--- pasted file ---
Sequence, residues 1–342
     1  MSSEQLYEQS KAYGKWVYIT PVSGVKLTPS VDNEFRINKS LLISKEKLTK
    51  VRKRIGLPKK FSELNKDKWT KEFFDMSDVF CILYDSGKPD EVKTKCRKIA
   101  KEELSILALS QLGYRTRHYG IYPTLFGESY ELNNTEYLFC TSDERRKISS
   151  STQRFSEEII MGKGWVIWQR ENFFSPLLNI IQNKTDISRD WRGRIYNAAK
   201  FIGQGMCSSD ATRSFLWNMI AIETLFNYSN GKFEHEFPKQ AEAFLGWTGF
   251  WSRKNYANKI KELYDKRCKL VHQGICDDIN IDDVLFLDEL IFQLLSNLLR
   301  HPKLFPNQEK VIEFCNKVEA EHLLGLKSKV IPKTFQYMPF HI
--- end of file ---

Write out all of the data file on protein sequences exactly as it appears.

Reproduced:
Sequence, residues 1–342
     1  MSSEQLYEQS KAYGKWVYIT PVSGVKLTPS VDNEFRINKS LLISKEKLTK
    51  VRKRIGLPKK FSELNKDKWT KEFFDMSDVF CILYDSGKPD EVKTKCRKIA
   101  KEELSILALS QLGYRTRHYG IYPTLFGESY ELNNTEYLFC TSDERRKISS
   151  STQRFSEEII MGKGWVIWQR ENFFSPLLNI IQNKTDISRD WRGRIYNAAK
   201  FIGQGMCSSD ATRSFLWNMI AIETLFNYSN GKFEHEFPKQ AEAFLGWTGF
   251  WSRKNYANKI KELYDKRCKL VHQGICDDIN IDDVLFLDEL IFQLLSNLLR
   301  HPKLFPNQEK VIEFCNKVEA EHLLGLKSKV IPKTFQYMPF HI